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If you ask someone who has experienced shingles to describe what it felt like, the answer is likely to be “horrible, searing pain.”

Clearly, that’s not a sensation most of us would want to experience, but once shingles (also known as herpes zoster) has broken out, there is a limit to what can be done to alleviate the pain.

The good news is that there is a vaccine that can prevent 51 per cent of shingles cases, and for people who have been vaccinated but still experience a breakout, the vaccine can make their symptoms less severe.

Chickenpox virus
Dr. Shelly McNeil is a professor of medicine in the division of infectious diseases at Dalhousie University and an infectious disease consultant at the QEII Health Sciences Centre in Halifax. She points out that, for the 95 per cent of Canadians who had chicken pox as a child, the virus, called varicella zoster, remains in their nerve roots. “It can live in the nerve roots for years and cause no problems at all, since the initial case of chicken pox provided some antibodies to keep the virus in check,” she says.

People under the age of 50 rarely get shingles. However, as people get older, immunity to the virus decreases and if they have medical treatments (such as those for cancer) that employ strong drugs that suppress the immune system, the immune system may not be able to control the virus, and a case of shingles can break out.

Recognizing shingles
A painful, blistering skin rash is the visible sign of shingles. It can occur on any part of the body, but appears most commonly on the trunk. “Shingles almost never crosses the midline,” says Dr. McNeil, “because nerves come out from the spine and go either right or left. If you draw a line down the middle of the patient, the shingles would be all on one side.” This characteristic helps with the diagnosis, but shingles can also occur on the extremities or on the face, and can affect the nerve that supplies the eye or even the eye itself.

While the rash usually resolves in two weeks, there is a less visible and more serious side of shingles. “One of the most common and dreaded complications of shingles is called post-herpetic neuralgia,” says Dr. McNeil. “This is a chronic pain syndrome of the area of skin affected by shingles. It is related to the inflammation in the nerve root that can cause quite severe pain and can last from three months to a number of years after the rash resolves.”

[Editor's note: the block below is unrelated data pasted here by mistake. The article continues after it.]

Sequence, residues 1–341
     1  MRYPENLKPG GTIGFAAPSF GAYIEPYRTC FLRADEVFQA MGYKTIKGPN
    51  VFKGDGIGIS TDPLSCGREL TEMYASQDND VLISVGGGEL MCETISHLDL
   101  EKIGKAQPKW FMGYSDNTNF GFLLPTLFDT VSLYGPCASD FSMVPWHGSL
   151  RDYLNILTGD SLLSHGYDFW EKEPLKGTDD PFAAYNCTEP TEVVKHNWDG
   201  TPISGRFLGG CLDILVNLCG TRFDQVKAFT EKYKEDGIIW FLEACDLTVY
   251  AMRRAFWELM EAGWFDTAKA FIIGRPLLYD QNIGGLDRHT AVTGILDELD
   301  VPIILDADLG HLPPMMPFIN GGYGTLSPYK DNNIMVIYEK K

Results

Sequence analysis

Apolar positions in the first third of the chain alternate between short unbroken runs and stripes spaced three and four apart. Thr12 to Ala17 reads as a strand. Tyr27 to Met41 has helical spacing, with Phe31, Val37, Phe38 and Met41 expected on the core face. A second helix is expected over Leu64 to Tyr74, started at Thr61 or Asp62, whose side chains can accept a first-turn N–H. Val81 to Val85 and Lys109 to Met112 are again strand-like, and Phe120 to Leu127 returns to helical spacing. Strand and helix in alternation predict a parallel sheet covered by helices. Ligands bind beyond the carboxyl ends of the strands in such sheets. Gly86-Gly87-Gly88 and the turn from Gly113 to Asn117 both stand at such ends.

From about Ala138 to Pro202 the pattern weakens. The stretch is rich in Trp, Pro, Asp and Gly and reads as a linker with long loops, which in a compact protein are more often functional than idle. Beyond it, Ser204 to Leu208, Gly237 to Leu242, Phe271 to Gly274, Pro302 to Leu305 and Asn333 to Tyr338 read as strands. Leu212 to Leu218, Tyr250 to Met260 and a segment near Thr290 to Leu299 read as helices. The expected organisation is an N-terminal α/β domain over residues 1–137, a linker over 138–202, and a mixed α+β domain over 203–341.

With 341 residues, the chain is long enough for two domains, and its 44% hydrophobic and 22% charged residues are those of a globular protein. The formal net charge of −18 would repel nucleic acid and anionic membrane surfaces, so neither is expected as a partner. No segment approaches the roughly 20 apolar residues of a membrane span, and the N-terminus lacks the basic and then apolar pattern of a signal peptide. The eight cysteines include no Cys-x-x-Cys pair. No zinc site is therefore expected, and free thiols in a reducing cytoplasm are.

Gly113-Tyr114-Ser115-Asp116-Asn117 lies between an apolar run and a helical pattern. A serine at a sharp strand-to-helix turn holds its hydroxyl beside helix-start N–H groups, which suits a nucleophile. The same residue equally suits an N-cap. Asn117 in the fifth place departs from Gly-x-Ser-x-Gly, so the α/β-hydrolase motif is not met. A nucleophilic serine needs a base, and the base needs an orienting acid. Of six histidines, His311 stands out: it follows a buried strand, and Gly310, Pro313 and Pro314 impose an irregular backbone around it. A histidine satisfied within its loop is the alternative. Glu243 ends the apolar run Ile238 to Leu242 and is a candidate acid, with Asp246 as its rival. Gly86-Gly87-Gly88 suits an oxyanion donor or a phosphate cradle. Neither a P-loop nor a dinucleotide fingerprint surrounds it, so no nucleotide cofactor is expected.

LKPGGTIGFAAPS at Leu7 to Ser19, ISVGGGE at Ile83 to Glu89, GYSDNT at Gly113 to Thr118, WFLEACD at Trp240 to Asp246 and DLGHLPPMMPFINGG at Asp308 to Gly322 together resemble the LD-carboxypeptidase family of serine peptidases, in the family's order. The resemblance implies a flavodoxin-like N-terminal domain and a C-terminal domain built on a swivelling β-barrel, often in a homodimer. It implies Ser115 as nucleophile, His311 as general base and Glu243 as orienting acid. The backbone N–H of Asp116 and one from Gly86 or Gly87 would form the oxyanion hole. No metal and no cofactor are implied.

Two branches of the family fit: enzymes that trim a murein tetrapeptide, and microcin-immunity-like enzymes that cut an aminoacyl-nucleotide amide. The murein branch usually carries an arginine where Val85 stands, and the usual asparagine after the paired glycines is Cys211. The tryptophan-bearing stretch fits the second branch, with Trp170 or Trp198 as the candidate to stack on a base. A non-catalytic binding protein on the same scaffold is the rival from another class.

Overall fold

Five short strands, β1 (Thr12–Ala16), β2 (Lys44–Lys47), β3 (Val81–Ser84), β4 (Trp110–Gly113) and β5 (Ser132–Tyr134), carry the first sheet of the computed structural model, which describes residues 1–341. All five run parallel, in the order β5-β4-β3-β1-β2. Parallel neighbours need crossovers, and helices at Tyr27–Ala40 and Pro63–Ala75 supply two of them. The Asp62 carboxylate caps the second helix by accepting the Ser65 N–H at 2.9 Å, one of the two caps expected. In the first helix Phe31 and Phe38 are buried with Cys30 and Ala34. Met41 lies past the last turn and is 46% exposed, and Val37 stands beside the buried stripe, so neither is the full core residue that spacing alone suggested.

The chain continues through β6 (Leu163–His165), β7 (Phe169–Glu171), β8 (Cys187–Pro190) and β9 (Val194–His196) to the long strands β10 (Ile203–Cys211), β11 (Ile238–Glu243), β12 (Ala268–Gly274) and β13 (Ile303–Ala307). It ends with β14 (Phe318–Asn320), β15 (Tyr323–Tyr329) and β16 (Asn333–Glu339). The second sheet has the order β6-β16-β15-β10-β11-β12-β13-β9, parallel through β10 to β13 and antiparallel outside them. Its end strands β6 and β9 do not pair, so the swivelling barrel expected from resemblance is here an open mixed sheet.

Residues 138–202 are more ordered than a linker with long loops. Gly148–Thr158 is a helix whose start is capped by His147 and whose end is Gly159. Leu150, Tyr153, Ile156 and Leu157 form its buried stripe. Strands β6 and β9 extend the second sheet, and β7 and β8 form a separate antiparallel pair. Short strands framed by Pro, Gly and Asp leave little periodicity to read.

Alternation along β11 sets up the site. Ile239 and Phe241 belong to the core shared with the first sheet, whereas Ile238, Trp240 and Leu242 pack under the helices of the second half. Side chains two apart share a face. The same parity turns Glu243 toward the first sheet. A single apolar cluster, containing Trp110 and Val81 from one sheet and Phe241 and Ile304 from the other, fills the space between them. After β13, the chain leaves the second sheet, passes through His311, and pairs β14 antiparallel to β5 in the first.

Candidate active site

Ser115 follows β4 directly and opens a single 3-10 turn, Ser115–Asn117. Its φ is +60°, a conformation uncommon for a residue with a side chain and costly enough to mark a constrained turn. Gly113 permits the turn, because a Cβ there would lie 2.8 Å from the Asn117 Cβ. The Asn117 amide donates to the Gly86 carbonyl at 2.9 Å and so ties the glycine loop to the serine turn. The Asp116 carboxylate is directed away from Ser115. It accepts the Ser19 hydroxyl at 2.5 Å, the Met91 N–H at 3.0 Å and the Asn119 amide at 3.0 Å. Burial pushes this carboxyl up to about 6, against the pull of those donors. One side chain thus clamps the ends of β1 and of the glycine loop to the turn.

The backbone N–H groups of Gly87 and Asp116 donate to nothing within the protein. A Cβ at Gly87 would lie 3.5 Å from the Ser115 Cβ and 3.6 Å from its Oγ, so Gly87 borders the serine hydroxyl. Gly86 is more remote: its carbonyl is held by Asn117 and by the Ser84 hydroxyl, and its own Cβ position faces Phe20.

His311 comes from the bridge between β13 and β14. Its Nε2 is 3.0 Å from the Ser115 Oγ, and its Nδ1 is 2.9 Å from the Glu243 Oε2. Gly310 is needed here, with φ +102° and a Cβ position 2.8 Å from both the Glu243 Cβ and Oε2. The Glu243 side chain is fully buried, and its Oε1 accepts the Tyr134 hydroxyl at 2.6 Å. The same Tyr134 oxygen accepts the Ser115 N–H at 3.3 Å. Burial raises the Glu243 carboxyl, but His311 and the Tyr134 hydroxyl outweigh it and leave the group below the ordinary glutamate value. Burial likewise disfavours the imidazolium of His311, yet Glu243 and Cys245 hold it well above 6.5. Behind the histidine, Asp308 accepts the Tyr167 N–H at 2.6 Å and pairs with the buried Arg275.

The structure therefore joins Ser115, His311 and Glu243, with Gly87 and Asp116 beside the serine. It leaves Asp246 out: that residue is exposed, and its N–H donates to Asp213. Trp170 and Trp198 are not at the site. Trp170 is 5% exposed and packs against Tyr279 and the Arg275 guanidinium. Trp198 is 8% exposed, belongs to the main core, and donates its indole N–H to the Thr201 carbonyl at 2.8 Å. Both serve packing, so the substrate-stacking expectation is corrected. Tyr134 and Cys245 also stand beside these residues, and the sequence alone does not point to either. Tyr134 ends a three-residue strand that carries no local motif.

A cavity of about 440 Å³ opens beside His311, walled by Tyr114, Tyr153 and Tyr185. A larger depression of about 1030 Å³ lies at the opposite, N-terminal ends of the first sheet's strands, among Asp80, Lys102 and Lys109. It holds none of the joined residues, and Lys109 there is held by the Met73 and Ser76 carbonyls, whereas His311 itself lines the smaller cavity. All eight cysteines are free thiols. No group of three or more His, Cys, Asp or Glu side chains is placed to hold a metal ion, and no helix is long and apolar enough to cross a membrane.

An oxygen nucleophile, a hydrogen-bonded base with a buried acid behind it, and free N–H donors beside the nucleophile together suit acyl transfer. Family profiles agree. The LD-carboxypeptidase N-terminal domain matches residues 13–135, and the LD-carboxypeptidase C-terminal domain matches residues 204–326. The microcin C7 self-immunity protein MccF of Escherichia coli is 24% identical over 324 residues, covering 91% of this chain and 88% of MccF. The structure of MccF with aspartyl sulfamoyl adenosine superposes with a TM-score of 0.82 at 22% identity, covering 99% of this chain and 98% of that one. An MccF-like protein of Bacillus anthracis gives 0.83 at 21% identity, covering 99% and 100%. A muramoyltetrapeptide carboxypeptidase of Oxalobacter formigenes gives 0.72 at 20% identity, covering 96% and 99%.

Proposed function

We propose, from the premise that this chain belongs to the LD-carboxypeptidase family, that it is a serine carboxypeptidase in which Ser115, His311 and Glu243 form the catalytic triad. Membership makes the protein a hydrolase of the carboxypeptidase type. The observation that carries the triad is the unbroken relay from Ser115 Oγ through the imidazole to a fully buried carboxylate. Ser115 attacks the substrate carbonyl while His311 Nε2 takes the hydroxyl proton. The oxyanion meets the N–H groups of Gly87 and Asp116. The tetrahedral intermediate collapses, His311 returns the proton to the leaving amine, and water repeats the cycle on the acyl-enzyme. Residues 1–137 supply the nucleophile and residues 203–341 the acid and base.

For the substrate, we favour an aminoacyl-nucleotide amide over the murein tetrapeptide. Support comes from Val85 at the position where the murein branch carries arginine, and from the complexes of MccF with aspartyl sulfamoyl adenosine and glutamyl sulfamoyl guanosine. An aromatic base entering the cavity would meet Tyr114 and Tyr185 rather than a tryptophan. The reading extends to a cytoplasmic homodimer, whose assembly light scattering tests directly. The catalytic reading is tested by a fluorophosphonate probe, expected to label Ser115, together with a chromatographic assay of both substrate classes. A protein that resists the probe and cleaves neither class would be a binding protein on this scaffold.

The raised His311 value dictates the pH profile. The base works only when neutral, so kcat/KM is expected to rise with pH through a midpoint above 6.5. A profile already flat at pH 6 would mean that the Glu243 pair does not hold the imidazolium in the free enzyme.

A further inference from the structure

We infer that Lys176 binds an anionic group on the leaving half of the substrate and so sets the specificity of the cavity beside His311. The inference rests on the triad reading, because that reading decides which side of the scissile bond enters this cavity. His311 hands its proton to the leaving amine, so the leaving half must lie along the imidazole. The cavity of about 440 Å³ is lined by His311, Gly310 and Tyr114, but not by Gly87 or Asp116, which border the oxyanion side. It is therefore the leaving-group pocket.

That chronic pain is difficult to treat. Acetaminophen and ibuprofen are ineffective; even narcotic painkillers often don’t provide relief. “We use some fancy drugs that are used more for nerve-type pain, like gabapentin or similar drugs, but they are poorly tolerated and they are expensive,” says Dr. McNeil. The chances of developing post-herpetic neuralgia with shingles goes up with age; about 50 per cent of people who get shingles after age 70 will develop chronic pain.

The vaccine
Shingles affects one in five people in Canada, but only a small percentage of those who could benefit from the vaccine actually get vaccinated, either because they are not aware that they are vulnerable to the condition, they are not aware that the vaccine exists, or because the vaccine costs close to $200, and it is not publicly funded anywhere in Canada.

The vaccine is not given to people with compromised immune systems and is not given to people during an outbreak of shingles, but the National Advisory Committee on Immunization recommends that everyone else 60 years or older get vaccinated.

Currently, the vaccine is given only once in a lifetime, but Dr. McNeil says there may be data in future to support giving booster shots.

Recent data show that the vaccine protects for at least eight years, which explains why medical professionals hesitate to give the vaccine to younger people—it could become ineffective by the time the individual reaches the age when shingles poses more of a threat.

“Shingles is a common problem that can be quite debilitating for older people,” says Dr. McNeil.

“But, usually, shingles is not life threatening. Most people experience two to four weeks of this pain, rash and discomfort, and then it resolves.”

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